SW - Article - The Power of First Impressions header image
Originally published in PPC Magazine.

How to refine your personal image and phone messaging to win over new prospects

 

By Al Pirozzoli

Whether you receive a lead on a painting project from a referral or from advertising, you will at some point have to present yourself to the prospective customer in person. First impressions are critical because every one of us, even when we attempt not to, stereotypes on the first impression. An immediate mental image is cast and is extremely difficult to revise. That image lasts and impacts the outcome of winning or losing the project.

What They Hear

From your voice messaging system to your live conversations, what is the prospect hearing? Is it a positive and confident tone? Is it respectful? Does it involve you actively “listening?” It’s easy to overlook that fact that someone is listening when you’re speaking.

Your focus should be on what the customer is hearing you say—not only in words, but in voice inflections. How you say something can betray what you really mean.

Phone conversations (like emails), lack the obvious input of body language, therefore the prospect on the other end will hear your true intentions through the actual tone of voice you use during the call. Your tone will say more than the actual words that come out of your mouth. Having said this, smile when you speak on the phone. Your tone will say more than the actual words that come out of your mouth.”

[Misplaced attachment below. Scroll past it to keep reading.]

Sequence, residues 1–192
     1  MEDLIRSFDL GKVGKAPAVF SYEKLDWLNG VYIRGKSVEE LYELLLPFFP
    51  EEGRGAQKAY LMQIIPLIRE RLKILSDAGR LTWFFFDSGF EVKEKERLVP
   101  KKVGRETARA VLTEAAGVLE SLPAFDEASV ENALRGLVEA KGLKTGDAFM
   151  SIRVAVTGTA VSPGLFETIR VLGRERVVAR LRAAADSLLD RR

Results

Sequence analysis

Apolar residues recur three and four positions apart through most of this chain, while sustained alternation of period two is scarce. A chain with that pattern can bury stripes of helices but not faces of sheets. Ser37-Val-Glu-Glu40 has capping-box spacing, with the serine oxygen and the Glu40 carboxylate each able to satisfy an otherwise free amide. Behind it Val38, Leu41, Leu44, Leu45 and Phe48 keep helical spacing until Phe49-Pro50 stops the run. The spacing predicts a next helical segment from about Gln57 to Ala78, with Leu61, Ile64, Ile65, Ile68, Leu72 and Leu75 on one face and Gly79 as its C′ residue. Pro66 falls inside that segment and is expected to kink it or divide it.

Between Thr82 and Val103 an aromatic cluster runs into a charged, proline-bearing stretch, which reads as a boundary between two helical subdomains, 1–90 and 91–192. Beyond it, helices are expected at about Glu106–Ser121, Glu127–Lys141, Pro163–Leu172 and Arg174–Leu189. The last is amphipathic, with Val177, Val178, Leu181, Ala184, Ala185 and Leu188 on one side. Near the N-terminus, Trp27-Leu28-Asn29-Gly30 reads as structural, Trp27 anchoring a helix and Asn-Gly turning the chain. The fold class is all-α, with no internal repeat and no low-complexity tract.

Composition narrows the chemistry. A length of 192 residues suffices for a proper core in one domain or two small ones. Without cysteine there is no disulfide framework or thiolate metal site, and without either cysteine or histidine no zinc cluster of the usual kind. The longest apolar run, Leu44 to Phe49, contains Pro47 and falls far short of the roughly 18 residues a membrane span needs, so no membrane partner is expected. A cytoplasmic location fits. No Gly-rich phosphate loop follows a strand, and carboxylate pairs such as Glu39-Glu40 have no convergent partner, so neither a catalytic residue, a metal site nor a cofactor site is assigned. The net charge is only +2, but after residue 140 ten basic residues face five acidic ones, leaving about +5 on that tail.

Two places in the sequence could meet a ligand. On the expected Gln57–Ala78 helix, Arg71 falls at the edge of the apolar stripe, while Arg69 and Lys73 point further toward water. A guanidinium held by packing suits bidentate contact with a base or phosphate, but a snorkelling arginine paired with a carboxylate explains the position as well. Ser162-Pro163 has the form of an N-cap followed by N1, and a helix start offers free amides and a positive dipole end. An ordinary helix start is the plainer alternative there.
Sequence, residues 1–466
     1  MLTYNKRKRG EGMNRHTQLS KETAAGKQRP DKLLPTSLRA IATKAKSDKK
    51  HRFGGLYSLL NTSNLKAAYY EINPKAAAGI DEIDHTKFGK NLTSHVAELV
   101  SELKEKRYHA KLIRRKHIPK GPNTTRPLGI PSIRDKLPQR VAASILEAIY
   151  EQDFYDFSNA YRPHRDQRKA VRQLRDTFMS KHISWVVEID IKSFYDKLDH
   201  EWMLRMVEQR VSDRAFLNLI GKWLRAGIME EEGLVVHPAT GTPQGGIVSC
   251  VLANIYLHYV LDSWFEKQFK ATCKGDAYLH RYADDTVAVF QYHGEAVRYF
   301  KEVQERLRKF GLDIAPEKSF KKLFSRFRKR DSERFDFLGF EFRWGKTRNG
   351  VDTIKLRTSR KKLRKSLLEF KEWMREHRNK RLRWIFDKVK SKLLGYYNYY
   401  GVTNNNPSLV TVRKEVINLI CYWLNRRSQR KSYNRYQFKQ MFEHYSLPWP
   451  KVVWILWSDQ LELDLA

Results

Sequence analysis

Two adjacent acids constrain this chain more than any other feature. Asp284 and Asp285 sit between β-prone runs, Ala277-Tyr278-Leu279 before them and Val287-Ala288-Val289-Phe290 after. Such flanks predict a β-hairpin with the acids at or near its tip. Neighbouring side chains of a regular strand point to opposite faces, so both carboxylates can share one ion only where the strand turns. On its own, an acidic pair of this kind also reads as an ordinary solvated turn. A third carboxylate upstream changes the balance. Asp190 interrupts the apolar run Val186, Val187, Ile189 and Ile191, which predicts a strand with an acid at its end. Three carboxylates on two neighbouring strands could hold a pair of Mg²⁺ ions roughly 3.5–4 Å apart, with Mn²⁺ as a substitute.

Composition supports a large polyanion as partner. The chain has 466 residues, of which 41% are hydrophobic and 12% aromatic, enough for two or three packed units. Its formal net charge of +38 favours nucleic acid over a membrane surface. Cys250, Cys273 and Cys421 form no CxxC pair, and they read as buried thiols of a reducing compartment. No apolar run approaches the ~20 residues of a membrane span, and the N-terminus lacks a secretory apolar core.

It would also serve you well to have a paper and pen nearby to note what the prospect is saying. By reiterating key points the prospect knows you are giving your full attention.

Also, what does the prospect hear when they get your voice mail or reach you live?

It’s amazing how many painting contractors answer their phone in this way: “John here.” (No company name. No thank you for calling.)

Here’s a more effective approach:

“ABC Painting Contractors, this is Bob Smith. Can I ask who’s calling?”

Taking control of the call from the beginning lets the caller know you’re a professional.

What They See

Voice is one issue, visual appearance is quite another. The in-person visit is as critical as the finished paint project. Consider: what does your vehicle look like? I was recently behind a painting contractor’s van. The bumper was falling off. The license plate was rusted. There was body rot. The name and logo were faded to the point it could not be read.

Keep in mind that, as a painter, much of what you do is “image.” Nothing changes the image of a home or facility faster and more cost effectively than a coat of paint well applied and neatly finished. It’s amazing the visual impact a painter can make on a building of any kind, inside and out.

That said, what do you look like when you meet with prospects? Are your whites now a rainbow display? Do you have holes in the pants? Are you wearing a t-shirt with some unusual graphics, skulls, obnoxious wording or other images?

I’m not trying to be funny or insulting. What you look like is what communicates volumes about you. Again, please don’t be insulted when I say this: If you charge a higher rate for your work you need to dress like you deserve a higher rate. A bad personal image is not commensurate with higher rates and higher value perception. Remember, you are in the image business. Paint is merely the tool.

In the end, it’s all about marketing and you are the Chief Marketing Officer of your business. Therefore, person-to-person marketing is a key to your ongoing success. No one can sell the prospect on your business better than you can.

About the author

As Creative Director at Pirozzoli & Williams, Al Pirozzoli has helped numerous contractors and other clients improve their image and increase sales. To get more information on marketing your business effectively, check out the company’s website at www.pirozzoli.us.

RELATED LINKS